The Persian Gay and Lesbian Organization-PGLO, the largest Iranian gay group with secretariats in several countries, including Turkey and Norway-reported last week: “After a few days, Javad was arrested and taken to Oakington’s police department in Cambridge, where he was threatened and told that if he couldn’t come up with satisfactory answers for their questions they will forcefully deport him, sending him back to Iran. In December the British government denied his refugee status. Under the law, Javad has the right to appeal this decision. Sadly, a few days ago, without taking into consideration his appeal over the ruling, he received papers stating that he must leave the country; therefore, Javad was deprived of any protection by the British government.” [...]
In India-the world’s second most populous country, with 1.1 billion people-homosexuality was accepted in cultural traditions for thousands of years, and the Hindu religion had venerated bisexual gods-including Samba (above eft), son of Krishna, who seduced both men and women. Male worshippers had ritual sex with male prostitutes in Hindu temples well into the 20th century.
But homosexuality was made illegal under British colonial rule in the 19th century, and that colonial anti-sodomy law remains on the books, five decades after India’s independence. (The British themselves decriminalized homosexuality in 1968.) Under Indian law, gay sex is bracketed with sex with animals and pedophilia as an “unnatural” offense, punishable by 10 years imprisonment.
READ ON. Nepal and Cameroon and Poland… he strongly condemns the Human Rights Campaign (HRC), the National Gay and Lesbian Task Force (NGLTF), and the U.S.-based International Gay and Lesbian Human Rights Commission (IGLRHC) for doing nothing:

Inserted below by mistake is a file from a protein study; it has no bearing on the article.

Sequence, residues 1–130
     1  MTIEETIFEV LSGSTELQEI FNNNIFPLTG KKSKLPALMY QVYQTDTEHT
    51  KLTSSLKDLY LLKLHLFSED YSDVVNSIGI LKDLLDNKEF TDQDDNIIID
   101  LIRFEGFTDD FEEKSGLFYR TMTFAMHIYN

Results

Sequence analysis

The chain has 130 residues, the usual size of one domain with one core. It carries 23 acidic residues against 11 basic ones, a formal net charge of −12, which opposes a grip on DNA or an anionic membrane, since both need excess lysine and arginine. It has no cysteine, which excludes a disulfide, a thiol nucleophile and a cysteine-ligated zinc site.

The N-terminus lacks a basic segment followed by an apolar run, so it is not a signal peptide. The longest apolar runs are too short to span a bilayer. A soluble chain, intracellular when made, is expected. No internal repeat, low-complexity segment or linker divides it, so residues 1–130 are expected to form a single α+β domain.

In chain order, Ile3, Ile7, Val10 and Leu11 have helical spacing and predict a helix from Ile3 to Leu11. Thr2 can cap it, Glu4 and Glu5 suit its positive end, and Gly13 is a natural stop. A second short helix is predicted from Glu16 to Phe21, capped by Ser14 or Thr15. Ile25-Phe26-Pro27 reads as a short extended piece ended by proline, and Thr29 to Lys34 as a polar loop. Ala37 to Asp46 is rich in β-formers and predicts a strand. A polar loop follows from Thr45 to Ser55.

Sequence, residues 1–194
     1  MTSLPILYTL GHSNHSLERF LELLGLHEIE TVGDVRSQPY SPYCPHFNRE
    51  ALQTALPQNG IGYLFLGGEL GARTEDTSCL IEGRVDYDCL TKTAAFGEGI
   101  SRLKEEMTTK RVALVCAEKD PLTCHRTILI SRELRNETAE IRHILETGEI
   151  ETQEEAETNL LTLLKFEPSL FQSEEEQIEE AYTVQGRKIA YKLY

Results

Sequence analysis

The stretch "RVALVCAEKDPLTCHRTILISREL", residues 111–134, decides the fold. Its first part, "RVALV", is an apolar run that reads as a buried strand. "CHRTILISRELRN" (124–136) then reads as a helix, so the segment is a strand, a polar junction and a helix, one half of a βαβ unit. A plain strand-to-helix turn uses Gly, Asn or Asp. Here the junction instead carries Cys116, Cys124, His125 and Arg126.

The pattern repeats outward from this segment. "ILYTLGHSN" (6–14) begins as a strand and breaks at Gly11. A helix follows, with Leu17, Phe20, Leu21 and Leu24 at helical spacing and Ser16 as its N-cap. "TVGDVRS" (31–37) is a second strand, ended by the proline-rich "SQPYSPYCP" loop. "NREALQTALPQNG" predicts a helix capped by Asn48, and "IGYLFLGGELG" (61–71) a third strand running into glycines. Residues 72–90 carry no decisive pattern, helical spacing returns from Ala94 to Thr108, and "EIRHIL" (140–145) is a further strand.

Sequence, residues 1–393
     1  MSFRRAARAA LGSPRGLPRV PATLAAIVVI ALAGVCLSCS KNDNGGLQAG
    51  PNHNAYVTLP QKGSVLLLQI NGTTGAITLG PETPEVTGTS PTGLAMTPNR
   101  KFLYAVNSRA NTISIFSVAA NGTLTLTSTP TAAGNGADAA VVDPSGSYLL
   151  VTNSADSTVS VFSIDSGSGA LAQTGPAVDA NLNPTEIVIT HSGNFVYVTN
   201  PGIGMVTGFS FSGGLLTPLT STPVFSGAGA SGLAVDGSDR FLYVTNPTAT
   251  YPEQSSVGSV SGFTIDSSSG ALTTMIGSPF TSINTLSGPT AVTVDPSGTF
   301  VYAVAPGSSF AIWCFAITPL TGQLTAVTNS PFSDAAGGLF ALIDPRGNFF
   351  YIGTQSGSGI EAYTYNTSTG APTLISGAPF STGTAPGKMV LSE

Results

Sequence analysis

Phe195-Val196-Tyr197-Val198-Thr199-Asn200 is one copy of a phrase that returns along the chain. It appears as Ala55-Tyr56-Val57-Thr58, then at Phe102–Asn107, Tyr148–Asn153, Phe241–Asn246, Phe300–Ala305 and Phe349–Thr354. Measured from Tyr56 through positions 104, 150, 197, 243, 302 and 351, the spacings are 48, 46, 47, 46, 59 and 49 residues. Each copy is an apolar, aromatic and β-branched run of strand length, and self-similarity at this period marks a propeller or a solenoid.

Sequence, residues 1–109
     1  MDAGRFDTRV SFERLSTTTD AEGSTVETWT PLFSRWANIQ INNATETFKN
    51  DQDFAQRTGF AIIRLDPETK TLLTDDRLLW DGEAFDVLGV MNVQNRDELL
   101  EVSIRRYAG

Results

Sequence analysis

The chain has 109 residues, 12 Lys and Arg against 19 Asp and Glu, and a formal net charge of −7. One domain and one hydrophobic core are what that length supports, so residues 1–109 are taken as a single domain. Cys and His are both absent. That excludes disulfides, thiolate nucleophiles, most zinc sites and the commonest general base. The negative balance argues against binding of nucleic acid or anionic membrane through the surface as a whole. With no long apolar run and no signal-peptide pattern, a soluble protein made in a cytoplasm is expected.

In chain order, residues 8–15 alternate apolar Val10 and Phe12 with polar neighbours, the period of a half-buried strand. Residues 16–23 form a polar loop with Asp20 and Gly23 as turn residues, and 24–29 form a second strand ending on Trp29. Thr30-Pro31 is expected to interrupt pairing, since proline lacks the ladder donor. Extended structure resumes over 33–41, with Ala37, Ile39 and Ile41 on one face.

I’m angry at our Brokebrain gay leaders for not making international solidarity with persecuted gays abroad part of their agenda, and thus part of our national gay agenda. And doing so requires a helluva lot more than just issuing an occasional press release. It requires, yes, real activism, organizing and education. The next time you think of sending a check to HRC or NGLTF, tell them you’re sick at heart at their indifference to this gay suffering. Demand that they create an international desk, and assign at least one full-time staff person to monitor attacks on gay people in other countries and educate gay Americans about these threats to human freedom abroad.
Demand that these groups immediately take up the most urgent case-the ongoing and massive entrapment, persecution, torture, and execution of gays in the Islamic Republic of Iran, on which their silence has been deafening. Demand they give Iran full-throated attention, through demonstrations-like the ones European gay organizations have been holding repeatedly all across the continent-public forums, and their own publications. Demand they provide concrete and material help for the penniless gay Iranian refugees from torture who are living precariously from day to day, under constant threat of deportation back to certain persecution for how and whom they love.
Is it harassment to recruit “GLBT Friendly” gamers?
I think not.